So I went off a bit (it is long winded and no one will EVER read it) but now I've updated my review policy.

    Now that it's off my chest, soon enough it will simply say CLOSED FOR MENTAL BREAKDOWN.

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    1. *Have to add that the thing that truly set me off was that the Ahole Said HE SPENT HOURS ON MY BLOG!
      no kidding.

      (*and he failed to find my policy).

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    2. I loathe that! They should seriously spend some quality time and the return would be SO MUCH BETTER for them. I've worked with some authors and pubs who are legit and fantastic, but the vast majority are becoming spam machines.

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  37. It's funny that I read book blogs before I started blogging - and one of the things that influenced me in a major way NOT to accept ARCs was the fact that everyone seemed not so thrilled with the amount of their "to be reviewed" pile. So I say - hurray! Do whatever makes you happy. I get stressed if I even have a pile of 5 or 6 library books I haven't read yet!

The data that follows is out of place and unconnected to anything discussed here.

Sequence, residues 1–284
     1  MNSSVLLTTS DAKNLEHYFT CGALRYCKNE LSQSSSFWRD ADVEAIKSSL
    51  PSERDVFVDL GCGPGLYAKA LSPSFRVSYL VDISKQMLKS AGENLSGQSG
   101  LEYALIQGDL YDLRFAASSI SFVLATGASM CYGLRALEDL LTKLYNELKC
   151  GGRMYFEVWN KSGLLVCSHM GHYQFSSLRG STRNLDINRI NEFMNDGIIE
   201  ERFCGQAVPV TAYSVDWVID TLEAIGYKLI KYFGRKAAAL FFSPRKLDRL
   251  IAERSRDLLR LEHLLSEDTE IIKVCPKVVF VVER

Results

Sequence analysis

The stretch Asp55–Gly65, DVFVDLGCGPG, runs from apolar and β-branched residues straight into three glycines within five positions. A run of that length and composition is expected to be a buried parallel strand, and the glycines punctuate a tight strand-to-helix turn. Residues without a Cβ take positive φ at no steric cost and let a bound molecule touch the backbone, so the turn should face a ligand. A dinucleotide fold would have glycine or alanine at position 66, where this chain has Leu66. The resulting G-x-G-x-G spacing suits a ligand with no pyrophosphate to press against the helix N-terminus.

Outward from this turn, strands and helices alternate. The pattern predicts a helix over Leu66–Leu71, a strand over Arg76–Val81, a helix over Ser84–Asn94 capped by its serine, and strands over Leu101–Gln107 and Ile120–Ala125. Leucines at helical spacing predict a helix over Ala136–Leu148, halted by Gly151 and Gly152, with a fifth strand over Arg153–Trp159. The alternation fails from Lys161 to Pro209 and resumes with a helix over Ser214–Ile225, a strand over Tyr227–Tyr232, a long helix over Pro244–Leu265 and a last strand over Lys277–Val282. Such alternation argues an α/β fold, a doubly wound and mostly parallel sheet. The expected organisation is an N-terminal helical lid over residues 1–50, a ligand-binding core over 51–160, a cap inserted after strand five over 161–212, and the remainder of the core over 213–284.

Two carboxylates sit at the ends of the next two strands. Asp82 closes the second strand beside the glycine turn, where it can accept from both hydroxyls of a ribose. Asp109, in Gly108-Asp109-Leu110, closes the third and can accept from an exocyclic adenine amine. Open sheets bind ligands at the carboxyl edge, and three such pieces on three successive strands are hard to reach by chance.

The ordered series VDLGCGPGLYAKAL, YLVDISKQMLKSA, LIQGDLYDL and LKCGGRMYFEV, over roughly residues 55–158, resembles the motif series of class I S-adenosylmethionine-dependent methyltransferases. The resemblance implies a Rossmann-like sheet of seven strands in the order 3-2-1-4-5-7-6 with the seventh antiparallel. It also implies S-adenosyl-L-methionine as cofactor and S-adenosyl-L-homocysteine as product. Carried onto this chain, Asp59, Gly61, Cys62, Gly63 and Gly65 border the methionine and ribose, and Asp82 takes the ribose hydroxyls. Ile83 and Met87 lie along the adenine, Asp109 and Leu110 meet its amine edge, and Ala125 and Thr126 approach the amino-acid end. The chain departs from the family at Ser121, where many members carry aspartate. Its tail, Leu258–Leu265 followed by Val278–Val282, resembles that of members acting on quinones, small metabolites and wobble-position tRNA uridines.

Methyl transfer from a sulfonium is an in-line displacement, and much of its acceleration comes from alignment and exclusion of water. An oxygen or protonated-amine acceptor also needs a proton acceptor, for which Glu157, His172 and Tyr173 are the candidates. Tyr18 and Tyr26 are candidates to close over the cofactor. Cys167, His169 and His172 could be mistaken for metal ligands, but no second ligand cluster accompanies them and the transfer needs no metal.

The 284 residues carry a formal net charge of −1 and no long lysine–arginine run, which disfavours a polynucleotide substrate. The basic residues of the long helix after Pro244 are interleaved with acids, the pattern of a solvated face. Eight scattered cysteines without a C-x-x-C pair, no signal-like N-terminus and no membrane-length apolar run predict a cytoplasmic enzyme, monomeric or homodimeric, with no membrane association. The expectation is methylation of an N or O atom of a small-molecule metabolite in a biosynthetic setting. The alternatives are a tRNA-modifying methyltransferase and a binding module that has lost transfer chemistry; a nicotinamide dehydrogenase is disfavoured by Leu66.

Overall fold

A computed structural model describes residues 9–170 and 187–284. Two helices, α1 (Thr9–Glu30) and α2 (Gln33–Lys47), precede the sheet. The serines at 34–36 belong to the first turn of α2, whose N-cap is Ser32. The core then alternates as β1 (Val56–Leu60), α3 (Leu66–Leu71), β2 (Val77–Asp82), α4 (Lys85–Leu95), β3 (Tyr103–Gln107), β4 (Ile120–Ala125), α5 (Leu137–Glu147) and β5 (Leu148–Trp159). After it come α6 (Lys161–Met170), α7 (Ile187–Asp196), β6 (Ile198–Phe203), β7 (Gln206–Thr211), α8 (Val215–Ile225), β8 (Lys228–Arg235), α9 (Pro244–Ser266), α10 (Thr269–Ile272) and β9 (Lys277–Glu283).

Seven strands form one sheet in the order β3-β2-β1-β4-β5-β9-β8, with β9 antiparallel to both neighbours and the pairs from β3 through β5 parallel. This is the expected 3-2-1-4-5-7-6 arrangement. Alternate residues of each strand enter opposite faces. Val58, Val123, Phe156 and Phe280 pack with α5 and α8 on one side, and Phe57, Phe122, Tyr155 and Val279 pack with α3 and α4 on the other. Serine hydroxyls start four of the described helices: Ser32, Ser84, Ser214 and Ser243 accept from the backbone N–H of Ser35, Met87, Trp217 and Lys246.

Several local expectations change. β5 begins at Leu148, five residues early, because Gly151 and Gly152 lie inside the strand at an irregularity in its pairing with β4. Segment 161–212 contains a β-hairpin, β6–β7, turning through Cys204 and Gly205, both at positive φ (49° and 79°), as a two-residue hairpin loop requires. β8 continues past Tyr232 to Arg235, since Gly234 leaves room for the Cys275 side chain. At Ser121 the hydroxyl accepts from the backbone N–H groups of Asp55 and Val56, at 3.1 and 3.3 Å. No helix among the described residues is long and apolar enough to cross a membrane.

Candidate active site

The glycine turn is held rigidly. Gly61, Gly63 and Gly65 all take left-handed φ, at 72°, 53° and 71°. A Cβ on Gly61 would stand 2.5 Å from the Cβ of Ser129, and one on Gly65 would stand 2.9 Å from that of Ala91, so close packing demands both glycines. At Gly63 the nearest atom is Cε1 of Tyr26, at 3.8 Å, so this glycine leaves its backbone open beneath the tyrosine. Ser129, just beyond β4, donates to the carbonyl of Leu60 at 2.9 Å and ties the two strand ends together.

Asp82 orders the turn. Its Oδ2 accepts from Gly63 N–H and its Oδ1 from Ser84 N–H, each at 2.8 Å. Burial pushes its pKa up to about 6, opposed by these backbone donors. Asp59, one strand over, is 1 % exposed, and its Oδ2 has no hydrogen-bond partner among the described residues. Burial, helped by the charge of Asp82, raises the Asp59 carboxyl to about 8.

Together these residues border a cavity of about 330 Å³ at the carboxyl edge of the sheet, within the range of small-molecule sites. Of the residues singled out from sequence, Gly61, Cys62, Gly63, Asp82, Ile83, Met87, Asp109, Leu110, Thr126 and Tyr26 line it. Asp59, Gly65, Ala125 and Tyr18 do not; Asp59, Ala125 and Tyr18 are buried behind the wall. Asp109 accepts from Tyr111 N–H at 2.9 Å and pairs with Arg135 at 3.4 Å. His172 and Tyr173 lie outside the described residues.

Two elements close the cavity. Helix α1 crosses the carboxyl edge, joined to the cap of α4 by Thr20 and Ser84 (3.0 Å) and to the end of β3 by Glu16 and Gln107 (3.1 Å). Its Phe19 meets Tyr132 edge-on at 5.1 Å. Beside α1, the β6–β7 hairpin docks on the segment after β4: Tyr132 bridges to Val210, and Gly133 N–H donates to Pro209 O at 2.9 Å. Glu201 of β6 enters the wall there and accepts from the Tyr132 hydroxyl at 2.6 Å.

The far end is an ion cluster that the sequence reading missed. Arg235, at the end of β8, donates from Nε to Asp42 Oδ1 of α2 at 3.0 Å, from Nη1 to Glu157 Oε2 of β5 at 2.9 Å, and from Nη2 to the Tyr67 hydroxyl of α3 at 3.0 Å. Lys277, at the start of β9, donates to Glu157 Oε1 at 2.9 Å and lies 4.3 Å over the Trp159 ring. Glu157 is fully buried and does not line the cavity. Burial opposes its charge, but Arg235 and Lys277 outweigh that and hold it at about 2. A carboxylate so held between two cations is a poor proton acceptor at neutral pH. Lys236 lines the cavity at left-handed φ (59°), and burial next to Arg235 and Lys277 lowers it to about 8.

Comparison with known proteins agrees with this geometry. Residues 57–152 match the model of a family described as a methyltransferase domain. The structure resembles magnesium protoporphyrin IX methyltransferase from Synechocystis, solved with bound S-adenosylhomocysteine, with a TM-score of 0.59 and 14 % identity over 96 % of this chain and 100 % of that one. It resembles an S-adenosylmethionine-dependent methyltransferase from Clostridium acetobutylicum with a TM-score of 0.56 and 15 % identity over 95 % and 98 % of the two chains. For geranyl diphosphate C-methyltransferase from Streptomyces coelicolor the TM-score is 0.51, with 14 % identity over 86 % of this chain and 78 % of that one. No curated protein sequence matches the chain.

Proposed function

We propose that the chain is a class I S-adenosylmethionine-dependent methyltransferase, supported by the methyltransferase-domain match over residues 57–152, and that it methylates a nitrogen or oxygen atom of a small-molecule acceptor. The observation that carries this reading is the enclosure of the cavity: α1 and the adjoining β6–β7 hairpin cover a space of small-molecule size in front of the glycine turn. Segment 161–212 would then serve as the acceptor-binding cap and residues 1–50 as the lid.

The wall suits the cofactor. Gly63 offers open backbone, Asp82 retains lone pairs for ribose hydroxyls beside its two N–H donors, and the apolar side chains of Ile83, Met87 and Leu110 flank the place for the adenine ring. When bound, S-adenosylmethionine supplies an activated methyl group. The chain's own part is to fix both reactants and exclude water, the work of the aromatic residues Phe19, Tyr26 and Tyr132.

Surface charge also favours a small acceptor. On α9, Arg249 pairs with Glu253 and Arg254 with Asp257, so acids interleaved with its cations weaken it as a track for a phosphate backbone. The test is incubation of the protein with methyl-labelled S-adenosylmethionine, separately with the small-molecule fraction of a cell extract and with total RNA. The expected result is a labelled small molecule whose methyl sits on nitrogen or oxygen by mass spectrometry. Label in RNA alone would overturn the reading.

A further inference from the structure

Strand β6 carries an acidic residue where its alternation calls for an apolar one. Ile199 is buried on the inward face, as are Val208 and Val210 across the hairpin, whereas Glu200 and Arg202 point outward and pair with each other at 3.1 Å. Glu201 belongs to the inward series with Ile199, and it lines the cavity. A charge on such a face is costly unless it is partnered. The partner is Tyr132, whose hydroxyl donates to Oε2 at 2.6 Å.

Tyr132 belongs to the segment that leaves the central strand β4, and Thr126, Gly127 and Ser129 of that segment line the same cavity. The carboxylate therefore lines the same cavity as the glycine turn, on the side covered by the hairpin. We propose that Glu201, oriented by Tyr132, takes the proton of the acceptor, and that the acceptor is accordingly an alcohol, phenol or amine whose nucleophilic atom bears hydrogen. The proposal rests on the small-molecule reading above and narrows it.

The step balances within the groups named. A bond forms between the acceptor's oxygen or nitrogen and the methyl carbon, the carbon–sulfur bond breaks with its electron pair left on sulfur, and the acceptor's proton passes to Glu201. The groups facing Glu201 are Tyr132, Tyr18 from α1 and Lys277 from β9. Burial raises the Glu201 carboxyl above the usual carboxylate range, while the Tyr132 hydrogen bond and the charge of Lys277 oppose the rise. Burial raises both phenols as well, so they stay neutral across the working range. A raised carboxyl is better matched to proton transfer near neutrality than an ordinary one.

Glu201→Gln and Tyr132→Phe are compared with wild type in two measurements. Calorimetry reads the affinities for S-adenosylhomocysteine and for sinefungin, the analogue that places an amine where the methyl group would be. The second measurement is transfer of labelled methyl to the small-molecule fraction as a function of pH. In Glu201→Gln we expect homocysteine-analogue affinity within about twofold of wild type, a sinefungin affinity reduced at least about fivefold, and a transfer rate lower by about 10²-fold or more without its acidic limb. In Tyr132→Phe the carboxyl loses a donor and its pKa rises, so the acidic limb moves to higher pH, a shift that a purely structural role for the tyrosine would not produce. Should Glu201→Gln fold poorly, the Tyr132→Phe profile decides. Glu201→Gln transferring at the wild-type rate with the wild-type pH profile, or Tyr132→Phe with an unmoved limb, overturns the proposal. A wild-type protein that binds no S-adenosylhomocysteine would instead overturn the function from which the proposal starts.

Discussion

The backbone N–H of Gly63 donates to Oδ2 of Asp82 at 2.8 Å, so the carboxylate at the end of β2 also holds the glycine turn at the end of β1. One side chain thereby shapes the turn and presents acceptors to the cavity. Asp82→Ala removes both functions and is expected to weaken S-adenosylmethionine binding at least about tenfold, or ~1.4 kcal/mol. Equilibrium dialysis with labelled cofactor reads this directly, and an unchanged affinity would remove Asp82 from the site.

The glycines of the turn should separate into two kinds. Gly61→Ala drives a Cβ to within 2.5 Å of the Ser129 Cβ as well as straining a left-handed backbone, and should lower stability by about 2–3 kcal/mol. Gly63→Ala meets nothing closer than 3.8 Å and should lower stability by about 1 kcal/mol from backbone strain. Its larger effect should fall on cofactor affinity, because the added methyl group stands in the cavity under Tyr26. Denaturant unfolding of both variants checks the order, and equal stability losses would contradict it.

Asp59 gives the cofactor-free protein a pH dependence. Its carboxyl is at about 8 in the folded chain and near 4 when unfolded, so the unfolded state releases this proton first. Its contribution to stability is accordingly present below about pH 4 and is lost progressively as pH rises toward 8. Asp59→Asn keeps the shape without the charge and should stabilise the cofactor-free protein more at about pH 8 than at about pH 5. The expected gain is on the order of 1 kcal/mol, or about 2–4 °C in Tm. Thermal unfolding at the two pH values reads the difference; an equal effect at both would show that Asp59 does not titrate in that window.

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    1. Amen, Tanya Patrice! The ARCs can reall mount up quickly and then it sucks the fun out. For me, deadlines are not conducive to immersive reading.

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  38. Right on!! I began blogging in 2007 and got caught up so much in all the issues and politics that I almost quit. But I didn't and like this post decided to "liberate" myself and my blog. I don't post as often or even worry about it. When I have something to say...I'll say it. Otherwise I love how you put it: read whatever, whenever. LOVE IT.